According to Article 25 of the Polish Constitution: “Public authorities in the Republic of Poland shall be impartial in matters of personal conviction, whether religious or philosophical, or in relation to outlooks on life.” Unfortunately, the reality is far from this. The Catholic Church has numerous tax privileges, it receives billions of zlotys from the state, crosses are displayed in many public institutions, references to Christian values can be found in the Polish Broadcasting Act, and finally we have the grotesque provision of the Criminal Code on the protection of religious feelings, which is applied only to the Catholic religion. The systemic privileging of the Catholic clergy is also evident during the Covid-19 pandemic.
For hundreds of years, the Church has exploited public fears of natural disasters, wars and epidemics. The clergy presented them as punishment for sins, and the only possible salvation was to submit to the will of the Church.
Modern societies are secularised, the world has become disenchanted with religious explanations, and yet in Poland the Catholic Church still draws on imagery popular in previous centuries. The current climate facilitates this: the epidemic kills hundreds of people every day, there is still no effective cure for the Covid-19, vaccinations are progressing slowly, the authorities fail and act incoherently, mental breakdowns, neurosis and depression are common. The Church knows this, and it is trying to rebuild its position by presenting itself as the only institution that offers spiritual support, a sense of security and order.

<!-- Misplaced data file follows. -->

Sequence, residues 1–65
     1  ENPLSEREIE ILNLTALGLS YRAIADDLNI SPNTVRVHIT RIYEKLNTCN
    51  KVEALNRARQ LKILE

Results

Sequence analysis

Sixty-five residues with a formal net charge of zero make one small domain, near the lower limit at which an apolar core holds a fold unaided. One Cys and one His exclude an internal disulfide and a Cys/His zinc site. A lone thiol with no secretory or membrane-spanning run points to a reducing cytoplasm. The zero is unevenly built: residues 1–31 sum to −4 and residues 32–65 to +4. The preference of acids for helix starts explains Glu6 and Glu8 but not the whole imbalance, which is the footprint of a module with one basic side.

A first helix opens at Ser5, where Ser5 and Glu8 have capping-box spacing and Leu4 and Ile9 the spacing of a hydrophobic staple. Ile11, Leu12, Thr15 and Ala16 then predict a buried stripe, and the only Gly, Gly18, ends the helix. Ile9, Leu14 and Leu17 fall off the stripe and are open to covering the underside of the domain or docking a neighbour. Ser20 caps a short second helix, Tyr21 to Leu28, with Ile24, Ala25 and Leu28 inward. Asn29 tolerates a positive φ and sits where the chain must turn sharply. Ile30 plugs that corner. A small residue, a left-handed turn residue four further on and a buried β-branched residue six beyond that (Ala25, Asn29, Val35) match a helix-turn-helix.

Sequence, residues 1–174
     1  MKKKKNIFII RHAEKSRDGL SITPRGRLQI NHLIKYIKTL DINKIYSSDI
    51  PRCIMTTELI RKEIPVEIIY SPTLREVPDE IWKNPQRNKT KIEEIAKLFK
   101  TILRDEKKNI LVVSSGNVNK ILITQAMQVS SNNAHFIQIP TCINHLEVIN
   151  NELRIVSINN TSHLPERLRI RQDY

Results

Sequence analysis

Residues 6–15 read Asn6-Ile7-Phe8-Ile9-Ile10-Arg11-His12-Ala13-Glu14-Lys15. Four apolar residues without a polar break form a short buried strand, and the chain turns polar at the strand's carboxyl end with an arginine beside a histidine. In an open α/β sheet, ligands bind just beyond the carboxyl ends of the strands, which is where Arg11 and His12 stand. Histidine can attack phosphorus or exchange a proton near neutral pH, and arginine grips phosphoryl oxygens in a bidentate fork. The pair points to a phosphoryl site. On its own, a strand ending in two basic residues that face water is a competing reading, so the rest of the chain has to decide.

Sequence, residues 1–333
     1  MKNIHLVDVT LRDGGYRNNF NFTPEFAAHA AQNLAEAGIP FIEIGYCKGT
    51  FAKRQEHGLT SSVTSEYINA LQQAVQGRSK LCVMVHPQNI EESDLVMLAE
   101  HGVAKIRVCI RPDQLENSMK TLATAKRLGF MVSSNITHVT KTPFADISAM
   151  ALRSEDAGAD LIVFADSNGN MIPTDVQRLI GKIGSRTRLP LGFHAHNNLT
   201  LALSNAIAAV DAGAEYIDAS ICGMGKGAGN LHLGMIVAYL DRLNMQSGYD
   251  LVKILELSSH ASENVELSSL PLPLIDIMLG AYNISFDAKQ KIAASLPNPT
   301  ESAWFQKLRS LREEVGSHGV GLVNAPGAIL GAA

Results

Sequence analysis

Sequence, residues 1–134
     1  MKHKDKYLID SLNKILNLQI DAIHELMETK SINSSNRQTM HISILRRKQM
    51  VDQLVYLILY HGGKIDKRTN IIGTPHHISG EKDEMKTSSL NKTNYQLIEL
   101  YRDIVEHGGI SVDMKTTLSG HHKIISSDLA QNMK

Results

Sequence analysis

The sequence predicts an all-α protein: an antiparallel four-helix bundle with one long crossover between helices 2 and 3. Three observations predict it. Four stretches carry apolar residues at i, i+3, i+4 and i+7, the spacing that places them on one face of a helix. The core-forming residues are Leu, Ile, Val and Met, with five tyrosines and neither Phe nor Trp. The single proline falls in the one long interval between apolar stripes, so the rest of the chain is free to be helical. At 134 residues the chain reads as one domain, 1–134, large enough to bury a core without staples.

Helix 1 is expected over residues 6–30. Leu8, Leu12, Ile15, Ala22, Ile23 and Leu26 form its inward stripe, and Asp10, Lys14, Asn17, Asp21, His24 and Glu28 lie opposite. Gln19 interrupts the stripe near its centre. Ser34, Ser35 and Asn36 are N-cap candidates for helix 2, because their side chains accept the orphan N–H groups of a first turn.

Retreat from the Church
The ideological offensive of the Church is ongoing, but at the same time, in recent months, more and more abuses of power connected with the highest members of the Episcopate have come to light. It is no longer a secret that many bishops concealed paedophile priests on a massive scale, and yet they still remain unpunished and protect themselves from justice. Meanwhile, according to the recent United Surveys poll for Wprost, almost 60 percent of Poles are in favour of dismissing the whole Episcopate. Moreover, Polish men and women do not agree with the thesis spread by the authorities and church hierarchy that “nowadays there is no alternative value system that Poles could follow, besides the teachings of the Catholic Church.” In a survey conducted by IPSOS for OKO.press, 63 percent of respondents disagreed with this statement, while 32 percent of respondents expressed the opposite opinion. Also, CBOS surveys show a decline in confidence in the Church. According to the last survey from February this year, 46 percent of respondents assess the activities of the Church negatively, and 43 percent have a positive opinion.
Therefore, it can be seen that the intensification of Catholic propaganda in public media or in statements from the Ministry of Education and Science is not sufficient to disguise the drastic discrepancy between the declared system of values and the conduct of the Church hierarchy.